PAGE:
Jonah Goldberg, “Obamacare Schadenfreudarama:”
During the government shutdown, Barack Obama held fast, heroically refusing to give an inch to the hostage-taking, barbaric orcs of the Tea Party who insisted on delaying Obamacare. It was a triumph for the master strategist in the White House, who finally maneuvered the Republicans into revealing their extremism. But we didn’t know something back then: Obama desperately needed a delay of Healthcare.gov. In his arrogance, though, he couldn’t bring himself to admit it. The other possibility is that he is such an incompetent manager, who has cultivated such a culture of yes-men, that he was completely in the dark about the problems. That’s the reigning storyline right now from the White House. Obama was betrayed. “If I had known,” he told his staff, “we could have delayed the website.”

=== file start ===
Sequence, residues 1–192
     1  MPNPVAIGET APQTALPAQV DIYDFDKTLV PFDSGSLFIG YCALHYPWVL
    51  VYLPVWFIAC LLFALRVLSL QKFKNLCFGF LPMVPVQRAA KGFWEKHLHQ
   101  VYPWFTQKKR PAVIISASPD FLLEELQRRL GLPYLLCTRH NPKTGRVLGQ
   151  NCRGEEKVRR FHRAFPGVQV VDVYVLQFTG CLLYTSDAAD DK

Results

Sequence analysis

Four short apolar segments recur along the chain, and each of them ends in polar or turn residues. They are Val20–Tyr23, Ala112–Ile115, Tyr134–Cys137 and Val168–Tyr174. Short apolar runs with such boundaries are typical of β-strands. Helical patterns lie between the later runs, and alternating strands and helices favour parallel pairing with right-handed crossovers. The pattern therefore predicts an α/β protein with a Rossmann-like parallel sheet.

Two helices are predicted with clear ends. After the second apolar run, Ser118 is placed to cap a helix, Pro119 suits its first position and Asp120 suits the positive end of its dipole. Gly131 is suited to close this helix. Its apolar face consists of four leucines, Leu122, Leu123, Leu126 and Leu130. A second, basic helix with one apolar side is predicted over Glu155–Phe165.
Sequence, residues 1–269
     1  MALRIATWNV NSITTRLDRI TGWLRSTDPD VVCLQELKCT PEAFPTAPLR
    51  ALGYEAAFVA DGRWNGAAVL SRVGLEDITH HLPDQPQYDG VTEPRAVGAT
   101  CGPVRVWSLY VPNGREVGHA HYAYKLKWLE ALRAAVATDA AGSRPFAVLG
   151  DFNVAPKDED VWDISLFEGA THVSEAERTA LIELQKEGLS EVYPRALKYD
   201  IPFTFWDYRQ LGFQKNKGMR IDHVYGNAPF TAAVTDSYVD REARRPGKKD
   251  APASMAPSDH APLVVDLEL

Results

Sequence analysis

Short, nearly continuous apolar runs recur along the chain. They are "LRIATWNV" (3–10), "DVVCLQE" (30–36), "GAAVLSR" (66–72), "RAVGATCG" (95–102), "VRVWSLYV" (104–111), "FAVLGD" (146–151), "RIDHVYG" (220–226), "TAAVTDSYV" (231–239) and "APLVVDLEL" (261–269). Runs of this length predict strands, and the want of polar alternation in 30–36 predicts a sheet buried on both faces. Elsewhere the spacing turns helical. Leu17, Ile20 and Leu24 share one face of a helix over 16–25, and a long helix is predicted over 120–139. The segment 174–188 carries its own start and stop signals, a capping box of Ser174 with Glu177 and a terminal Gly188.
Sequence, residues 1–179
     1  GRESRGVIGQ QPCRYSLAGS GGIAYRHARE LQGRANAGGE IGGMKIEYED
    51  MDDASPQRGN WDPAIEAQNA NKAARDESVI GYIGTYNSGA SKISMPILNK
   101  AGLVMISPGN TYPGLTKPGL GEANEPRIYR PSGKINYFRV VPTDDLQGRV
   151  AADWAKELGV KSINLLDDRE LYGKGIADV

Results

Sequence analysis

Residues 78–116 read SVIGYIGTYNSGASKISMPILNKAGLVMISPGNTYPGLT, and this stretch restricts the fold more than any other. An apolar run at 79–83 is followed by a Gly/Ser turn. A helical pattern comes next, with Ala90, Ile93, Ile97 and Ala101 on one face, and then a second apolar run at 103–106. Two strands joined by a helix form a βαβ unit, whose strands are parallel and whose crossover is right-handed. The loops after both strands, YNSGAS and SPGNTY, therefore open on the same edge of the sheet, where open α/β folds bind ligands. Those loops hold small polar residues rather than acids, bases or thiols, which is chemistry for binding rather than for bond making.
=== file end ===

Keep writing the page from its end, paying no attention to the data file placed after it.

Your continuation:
This is how you know we’re in the political sweet spot: when the only plausible excuses for the administration are equally disastrous indictments.
Look around your home or workplace and you see the fruit of continual innovation. These products permeate our world. Human creativity and ingenuity—punctuated with a mix of luck and hard work—constantly transform our lives, leaving us far better off as a result.
Few things better illustrate Adam Smith’s axiom that people can simultaneously benefit the rest of us while pursuing their own interest. Of course people should do good. But they often do best while trying to advance themselves.
Alex Berezow, “20 Tips for Analyzing Claims of a Scientific Study:”
One of the big problems in science journalism is the tendency to hype scientific research. You’re familiar with the routine: A new study comes out on, say, how coffee might lead to a slight increase in a particular disease. Then, plastered all over the front pages of websites and newspapers are headlines like, “Too Much Coffee Will Kill You!” Of course, the following week, a different study will report that coffee might protect you from another disease, and the media hysteria plays out all over again, just in the opposite direction.